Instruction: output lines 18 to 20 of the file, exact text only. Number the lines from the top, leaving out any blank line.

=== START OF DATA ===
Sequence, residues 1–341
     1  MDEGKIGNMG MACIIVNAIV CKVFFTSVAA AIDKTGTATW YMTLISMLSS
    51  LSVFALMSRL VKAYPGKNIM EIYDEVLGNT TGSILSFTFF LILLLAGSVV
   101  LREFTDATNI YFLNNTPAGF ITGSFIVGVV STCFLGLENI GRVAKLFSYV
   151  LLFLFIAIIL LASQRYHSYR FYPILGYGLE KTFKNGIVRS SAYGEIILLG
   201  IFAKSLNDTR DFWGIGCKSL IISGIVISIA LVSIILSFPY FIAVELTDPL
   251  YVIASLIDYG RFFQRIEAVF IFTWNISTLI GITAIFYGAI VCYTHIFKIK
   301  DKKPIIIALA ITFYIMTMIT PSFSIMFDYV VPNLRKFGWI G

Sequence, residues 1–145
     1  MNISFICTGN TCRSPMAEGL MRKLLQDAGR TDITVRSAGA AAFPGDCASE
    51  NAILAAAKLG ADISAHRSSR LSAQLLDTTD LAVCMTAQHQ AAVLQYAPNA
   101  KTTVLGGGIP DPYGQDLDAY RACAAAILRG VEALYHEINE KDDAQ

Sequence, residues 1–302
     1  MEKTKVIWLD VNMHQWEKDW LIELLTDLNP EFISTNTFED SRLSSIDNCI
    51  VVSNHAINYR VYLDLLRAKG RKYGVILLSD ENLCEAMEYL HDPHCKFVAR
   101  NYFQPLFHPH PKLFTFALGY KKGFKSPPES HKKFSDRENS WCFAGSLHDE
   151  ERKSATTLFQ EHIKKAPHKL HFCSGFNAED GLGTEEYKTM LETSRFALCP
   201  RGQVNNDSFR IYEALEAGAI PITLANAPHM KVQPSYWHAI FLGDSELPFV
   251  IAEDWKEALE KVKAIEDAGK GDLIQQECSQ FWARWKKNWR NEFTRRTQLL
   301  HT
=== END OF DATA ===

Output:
   201  RGQVNNDSFR IYEALEAGAI PITLANAPHM KVQPSYWHAI FLGDSELPFV
   251  IAEDWKEALE KVKAIEDAGK GDLIQQECSQ FWARWKKNWR NEFTRRTQLL
   301  HT